Humanities Division

Humanities - Divisional Statement

Engagement with colonialism lies at the heart of disciplinary developments and debates within Humanities faculties.  Our academic subject-matter is inflected by long and varied imperial histories. Disciplinary boundaries and academic canons themselves began to be formed in the late nineteenth and early twentieth centuries in ways which were intrinsically shaped by gender, class and race. Humanities faculties in Oxford trained people to run the British empire, and contributed to the construction of racist languages and practices. At the same time, they produced outspoken critics of empire. Although the starting assumptions have of course shifted fundamentally in a post-colonial world, the exercise of critical practices - of reading, thinking, writing - is not new. There are indeed now more subtle but no less damaging risks of complicity in the perpetuation of racist perspectives which we think we have left behind.  A highly self-critical lens needs to be turned on the present as well as the past.  The study of empire, colonialism, colonial and postcolonial literature and cultures, from the empires of the ancient world to the recent past – much of which focuses on the agency and resistance of colonial subjects – is a core part of our intellectual project. But there is still scope for further integration, cross-fertilisation and intersectionality. The humanities have a particular role in confronting historical assumptions and categorisations; in articulating debates on memory and memorialisation; in reflecting on constructions of community; in exploring understandings of tradition and the use of particular terminologies.  Inherently pluralistic and interdisciplinary, the Division is intellectually committed to fostering conversations across boundaries, and to challenging existing norms and lines of demarcation.  Encompassing the study of an extraordinary range of world languages, in addition to literatures, histories, philosophies, theologies, music and art, the Division emphasizes the critical role of language, and of translation, in both literal and metaphorical terms.  Its creative practice-led work challenges received narratives across different modes and media of response.  It is dedicated to the shared intellectual pursuit of what makes us human – and what could make us more humane.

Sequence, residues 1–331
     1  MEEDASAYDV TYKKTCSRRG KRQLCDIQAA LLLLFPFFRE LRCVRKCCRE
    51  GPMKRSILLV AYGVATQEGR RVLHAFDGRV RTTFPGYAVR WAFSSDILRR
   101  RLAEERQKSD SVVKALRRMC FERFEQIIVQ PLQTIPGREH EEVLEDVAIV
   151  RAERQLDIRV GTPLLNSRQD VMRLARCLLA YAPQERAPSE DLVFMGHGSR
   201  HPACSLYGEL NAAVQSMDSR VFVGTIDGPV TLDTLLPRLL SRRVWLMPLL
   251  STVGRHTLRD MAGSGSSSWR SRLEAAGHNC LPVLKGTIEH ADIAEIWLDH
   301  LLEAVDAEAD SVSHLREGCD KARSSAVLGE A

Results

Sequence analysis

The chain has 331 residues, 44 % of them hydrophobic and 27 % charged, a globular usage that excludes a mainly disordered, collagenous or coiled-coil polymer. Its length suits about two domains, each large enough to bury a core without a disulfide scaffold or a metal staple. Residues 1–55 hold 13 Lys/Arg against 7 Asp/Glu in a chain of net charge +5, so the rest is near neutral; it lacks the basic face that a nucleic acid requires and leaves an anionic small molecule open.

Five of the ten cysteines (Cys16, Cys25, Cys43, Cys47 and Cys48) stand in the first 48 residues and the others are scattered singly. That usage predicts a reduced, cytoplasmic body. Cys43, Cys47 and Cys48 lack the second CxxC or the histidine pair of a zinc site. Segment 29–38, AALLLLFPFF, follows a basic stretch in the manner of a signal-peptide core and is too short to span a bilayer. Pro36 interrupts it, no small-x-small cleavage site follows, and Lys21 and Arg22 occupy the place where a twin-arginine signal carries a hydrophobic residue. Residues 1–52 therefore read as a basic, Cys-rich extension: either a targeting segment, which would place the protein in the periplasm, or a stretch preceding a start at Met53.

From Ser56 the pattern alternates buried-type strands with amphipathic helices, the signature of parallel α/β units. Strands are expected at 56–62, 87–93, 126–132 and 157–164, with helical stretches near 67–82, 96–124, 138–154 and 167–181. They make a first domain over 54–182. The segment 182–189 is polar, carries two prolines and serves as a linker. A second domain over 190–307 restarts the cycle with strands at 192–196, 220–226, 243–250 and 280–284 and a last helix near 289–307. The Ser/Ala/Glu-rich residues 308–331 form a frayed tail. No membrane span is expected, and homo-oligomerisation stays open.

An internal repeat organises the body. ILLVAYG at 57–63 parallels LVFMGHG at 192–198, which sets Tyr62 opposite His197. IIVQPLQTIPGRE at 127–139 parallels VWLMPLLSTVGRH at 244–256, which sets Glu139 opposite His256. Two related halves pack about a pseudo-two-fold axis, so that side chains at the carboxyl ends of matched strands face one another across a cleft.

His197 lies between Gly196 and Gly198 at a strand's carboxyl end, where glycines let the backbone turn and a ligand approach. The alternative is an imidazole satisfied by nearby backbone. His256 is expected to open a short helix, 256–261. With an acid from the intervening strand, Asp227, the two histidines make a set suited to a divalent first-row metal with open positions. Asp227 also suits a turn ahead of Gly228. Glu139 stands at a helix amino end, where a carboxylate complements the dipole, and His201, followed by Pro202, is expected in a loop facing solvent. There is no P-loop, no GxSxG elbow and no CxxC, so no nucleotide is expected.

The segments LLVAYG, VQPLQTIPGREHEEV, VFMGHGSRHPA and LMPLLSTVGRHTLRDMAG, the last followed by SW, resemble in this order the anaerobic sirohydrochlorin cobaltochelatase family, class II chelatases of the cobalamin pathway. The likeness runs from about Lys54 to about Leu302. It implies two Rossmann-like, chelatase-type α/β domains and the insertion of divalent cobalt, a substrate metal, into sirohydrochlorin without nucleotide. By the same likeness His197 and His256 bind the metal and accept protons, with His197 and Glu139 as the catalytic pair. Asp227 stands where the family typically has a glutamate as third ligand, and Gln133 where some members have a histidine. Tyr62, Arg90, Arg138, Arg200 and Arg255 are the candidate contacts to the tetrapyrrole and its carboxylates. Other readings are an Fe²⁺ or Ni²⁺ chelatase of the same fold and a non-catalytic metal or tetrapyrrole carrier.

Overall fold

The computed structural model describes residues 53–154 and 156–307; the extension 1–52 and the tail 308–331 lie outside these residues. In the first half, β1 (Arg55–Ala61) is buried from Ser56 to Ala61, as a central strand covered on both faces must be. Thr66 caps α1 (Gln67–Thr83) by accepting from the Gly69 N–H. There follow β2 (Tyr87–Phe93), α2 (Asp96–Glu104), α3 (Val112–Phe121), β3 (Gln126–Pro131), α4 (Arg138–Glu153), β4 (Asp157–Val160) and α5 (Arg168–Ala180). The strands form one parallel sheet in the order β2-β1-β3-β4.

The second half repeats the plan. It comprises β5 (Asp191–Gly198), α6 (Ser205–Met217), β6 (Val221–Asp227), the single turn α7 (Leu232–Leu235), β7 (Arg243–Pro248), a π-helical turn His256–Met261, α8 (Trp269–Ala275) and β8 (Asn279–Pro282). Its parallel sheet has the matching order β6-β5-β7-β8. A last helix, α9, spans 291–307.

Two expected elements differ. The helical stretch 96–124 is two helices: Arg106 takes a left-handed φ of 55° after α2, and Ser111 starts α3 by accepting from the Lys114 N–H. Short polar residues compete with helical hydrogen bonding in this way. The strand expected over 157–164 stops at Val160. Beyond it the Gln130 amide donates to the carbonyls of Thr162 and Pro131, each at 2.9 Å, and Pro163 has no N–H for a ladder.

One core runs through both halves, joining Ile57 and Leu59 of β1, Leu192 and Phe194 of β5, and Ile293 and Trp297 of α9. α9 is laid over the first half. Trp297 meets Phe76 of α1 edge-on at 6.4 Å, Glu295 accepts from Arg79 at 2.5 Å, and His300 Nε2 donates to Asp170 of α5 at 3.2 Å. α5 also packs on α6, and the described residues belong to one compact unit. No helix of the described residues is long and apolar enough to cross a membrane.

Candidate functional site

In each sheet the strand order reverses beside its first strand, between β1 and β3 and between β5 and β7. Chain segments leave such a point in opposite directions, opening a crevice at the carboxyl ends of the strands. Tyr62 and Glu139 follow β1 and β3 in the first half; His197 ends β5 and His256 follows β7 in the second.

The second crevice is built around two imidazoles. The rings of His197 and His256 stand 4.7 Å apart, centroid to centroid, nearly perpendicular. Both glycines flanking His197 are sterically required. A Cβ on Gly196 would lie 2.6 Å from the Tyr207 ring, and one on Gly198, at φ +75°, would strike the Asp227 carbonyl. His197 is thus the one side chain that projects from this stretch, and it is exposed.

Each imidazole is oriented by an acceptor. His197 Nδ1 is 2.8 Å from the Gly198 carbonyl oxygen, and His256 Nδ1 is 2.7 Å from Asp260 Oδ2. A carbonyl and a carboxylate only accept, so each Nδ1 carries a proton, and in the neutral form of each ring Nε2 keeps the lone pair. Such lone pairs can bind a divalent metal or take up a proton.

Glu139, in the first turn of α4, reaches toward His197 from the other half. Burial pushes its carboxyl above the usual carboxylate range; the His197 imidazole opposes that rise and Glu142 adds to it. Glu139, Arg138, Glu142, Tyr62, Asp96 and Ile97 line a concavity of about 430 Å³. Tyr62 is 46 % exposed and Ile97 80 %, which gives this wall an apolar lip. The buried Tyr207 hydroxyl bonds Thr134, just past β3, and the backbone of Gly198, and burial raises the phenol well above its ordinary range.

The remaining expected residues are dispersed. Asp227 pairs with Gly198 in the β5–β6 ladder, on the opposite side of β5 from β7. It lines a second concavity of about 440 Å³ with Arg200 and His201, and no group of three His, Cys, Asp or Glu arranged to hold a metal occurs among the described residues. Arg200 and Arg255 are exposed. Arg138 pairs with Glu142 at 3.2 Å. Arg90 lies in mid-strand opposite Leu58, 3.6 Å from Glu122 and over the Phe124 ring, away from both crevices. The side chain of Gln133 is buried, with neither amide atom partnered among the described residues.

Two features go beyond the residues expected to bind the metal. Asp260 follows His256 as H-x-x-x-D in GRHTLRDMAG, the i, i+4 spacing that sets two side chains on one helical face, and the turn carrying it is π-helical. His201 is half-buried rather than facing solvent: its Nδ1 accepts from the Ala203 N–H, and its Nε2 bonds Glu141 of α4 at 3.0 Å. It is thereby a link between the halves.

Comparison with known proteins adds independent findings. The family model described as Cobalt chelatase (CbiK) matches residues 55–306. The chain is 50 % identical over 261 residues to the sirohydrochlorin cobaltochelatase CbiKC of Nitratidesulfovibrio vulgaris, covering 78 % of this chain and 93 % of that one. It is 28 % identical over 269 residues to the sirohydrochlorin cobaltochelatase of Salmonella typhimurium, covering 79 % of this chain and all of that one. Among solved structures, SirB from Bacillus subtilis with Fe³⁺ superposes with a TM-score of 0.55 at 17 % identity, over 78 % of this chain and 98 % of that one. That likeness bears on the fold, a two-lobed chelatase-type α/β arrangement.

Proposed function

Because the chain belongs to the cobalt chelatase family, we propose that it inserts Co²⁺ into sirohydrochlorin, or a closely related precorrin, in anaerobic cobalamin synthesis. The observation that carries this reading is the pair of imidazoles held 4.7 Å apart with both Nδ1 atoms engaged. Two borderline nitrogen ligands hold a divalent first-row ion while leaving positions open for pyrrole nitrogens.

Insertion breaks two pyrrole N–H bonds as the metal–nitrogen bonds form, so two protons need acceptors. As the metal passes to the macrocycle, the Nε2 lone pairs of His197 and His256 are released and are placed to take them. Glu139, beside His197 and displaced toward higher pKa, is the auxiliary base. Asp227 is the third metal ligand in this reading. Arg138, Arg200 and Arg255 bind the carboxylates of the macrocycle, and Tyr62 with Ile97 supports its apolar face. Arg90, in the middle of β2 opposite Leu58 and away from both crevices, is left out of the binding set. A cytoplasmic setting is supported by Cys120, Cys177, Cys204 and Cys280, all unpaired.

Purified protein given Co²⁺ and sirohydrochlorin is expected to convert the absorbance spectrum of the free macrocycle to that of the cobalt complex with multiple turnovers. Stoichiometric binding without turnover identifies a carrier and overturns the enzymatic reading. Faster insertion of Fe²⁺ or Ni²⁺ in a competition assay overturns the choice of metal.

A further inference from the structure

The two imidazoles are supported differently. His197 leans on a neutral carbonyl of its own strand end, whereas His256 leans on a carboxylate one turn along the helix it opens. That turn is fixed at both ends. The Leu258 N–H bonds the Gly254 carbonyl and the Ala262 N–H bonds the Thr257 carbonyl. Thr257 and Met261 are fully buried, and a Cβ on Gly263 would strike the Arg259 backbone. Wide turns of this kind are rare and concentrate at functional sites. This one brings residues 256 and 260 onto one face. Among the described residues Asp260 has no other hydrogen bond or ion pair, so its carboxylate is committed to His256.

These aspirations are given tangible form in a variety of ways.   The Oxford Centre for Research in the Humanities (TORCH) draws together some of the cross-cutting and innovative work from across our faculties.  It offers an extensive cultural mosaic of talks, podcasts and themed networks.  Particularly pertinent networks in this context include Caribbean Studies; Conversations on Identity, Ethnicity and Nationhood; Migration and Mobility; Oxford and Empire; and Critical Theory. There are diverse programmes ranging from Comparative Criticism and Translation, to Creative Multilingualism, to Race and Resistance across Borders in the Long Twentieth Century.  TORCH operates in a dynamic online space, as well as supporting in-person events.